(British Approved Name, rINN)
International Nonproprietary Names (INNs) in main languages (French, Latin, and Spanish):
Pharmacopoeias. In China, Europe, and US.
European Pharmacopoeia, 6th ed. (Diprophylline). A white or almost white, crystalline powder. Freely soluble in water slightly soluble in alcohol. Protect from light.
The United States Pharmacopeia 31, 2008 (Dyphylline). A white, odourless, amorphous or crystalline solid. Freely soluble in water sparingly soluble in alcohol and in chloroform practically insoluble in ether. A 1 % solution in water has a pH of 5.0 to 7.5. Store in airtight containers.
Adverse Effects, Treatment, and Precautions
As for Theophylline. Diprophylline is primarily excreted unchanged in the urine and should therefore be used with caution in patients with renal impairment dose adjustments may be required. However, unlike theophylline, plasma concentrations of diprophylline are not greatly affected by changes in liver function or hepatic enzyme activity such as those produced by smoking or age.
Breast feeding. In a study of 20 women given diprophylline by intramuscular injection, diprophylline was found to concentrate in breast milk, with a milk to serum concentration ratio of about 2. However, it was felt that the quantity of diprophylline a breastfed infant would ingest was unlikely to produce any pharmacological action unless the child was very sensitive. The American Academy of Pediatrics also considers that the use of diprophylline is usually compatible with breast feeeding.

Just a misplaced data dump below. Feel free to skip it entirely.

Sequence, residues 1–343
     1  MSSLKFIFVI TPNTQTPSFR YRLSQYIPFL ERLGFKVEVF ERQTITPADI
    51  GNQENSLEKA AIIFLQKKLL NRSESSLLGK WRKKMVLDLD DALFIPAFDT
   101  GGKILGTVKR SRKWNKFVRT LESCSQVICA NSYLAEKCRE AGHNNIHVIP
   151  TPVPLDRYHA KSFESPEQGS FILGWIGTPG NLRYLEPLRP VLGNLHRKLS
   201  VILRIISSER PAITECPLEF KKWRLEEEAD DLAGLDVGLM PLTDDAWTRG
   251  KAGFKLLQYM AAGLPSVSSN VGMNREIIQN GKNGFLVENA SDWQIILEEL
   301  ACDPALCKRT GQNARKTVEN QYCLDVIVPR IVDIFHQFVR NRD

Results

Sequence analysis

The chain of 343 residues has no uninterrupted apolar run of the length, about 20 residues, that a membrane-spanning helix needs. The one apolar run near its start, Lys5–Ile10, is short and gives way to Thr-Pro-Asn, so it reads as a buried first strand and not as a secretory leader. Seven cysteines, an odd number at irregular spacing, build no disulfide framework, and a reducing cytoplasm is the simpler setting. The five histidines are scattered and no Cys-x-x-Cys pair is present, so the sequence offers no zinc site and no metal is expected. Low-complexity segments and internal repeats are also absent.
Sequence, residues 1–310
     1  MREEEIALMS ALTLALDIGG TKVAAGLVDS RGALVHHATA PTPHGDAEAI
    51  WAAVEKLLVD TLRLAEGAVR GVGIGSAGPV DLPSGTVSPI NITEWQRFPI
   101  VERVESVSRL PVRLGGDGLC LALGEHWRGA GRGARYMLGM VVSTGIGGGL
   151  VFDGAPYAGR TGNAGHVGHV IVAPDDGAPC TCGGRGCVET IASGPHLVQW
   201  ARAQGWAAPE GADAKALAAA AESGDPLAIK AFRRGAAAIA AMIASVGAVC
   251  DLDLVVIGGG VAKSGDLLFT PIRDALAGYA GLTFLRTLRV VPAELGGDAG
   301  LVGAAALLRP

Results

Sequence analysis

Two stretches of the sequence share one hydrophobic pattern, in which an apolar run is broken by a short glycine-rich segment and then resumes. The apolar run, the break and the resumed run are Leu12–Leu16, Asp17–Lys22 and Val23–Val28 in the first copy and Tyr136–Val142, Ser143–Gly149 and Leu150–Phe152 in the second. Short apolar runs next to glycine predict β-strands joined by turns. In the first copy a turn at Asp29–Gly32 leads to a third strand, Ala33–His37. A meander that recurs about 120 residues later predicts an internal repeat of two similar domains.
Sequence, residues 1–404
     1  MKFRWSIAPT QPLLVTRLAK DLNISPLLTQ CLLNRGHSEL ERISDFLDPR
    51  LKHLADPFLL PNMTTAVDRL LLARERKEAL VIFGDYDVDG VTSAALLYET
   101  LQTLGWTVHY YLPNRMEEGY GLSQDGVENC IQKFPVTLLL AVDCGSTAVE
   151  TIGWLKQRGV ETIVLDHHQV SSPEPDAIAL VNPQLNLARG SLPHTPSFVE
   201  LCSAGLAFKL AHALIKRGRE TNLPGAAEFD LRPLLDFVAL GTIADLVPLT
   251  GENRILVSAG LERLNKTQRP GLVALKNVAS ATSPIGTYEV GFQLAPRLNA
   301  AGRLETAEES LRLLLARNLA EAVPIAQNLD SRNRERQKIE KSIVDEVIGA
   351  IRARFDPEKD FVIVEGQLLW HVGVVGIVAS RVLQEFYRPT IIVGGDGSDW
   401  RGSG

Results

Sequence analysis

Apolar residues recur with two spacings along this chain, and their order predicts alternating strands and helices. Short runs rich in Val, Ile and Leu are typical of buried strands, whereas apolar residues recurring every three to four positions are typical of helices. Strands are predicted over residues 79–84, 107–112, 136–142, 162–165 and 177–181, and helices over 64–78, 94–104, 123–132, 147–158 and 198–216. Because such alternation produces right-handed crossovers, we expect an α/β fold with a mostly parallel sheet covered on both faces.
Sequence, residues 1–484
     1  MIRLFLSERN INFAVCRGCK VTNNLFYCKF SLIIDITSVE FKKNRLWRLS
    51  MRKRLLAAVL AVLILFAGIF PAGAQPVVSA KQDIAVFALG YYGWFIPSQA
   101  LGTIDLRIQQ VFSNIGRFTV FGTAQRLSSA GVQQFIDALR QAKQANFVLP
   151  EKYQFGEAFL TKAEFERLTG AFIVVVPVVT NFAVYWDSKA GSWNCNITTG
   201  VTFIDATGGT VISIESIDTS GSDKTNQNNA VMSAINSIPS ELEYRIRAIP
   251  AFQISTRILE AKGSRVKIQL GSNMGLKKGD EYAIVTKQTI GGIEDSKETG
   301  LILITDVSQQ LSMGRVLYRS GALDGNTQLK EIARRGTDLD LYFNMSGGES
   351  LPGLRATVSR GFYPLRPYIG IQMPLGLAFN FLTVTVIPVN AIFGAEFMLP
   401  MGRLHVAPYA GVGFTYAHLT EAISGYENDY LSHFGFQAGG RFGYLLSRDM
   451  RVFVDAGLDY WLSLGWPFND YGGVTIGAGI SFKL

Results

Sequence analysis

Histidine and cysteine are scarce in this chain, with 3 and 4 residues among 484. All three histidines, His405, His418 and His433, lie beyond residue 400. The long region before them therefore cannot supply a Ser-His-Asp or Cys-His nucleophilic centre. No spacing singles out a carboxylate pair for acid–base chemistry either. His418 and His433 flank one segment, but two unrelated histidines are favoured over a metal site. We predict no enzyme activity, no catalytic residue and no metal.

Since diprophylline does not undergo metabolism by hepatic microsomal cytochrome P450 it does not exhibit the numerous interactions seen with theophylline. However, the possibility of synergistic effects should be borne in mind if it is prescribed with other xanthines.
Probenecid. Probenecid has been reported to decrease the clearance of diprophylline thus prolonging its half-life.
Diprophylline is rapidly absorbed from the gastrointestinal tract and from the site of intramuscular injections. Diprophylline is not converted to theophylline in the body. It is largely excreted unchanged in the urine with an elimination half-life of about 2 hours. Diprophylline is distributed into breast milk.
Uses and Administration
Diprophylline is a theophylline derivative which is used similarly to theophylline as a bronchodilator in reversible airways obstruction.
The usual oral dose of diprophylline is up to 15 mg/kg every 6 hours. It has also been given intramuscularly. Diprophylline is also an ingredient of preparations that have been promoted for coughs.
Action. Improvements in measurements of lung function after diprophylline in oral doses of 15 and 20 mg/kg were only one-third to one-half those obtained after oral theophylline 6 mg/kg.
The United States Pharmacopeia 31, 2008: Dyphylline and Guaitenesin Elixir Dyphylline and Guaitenesin Tablets Dyphylline Elixir Dyphylline Injection Dyphylline Tablets.
Hong Kong: Syneophylline
USA: Dilor Dylix Lufyllin.
France: Ozothine a la Diprophylline
Israel: Philinal Philinet
Spain: Alergical Expect Bronsal Novofilin
USA: Difil-G Dilex-G Dy-G Dyflex-G Dyline GG Dyphylline-GG Jay-Phyl Lufyllin-EPG Lutyllin-GG Panfil G.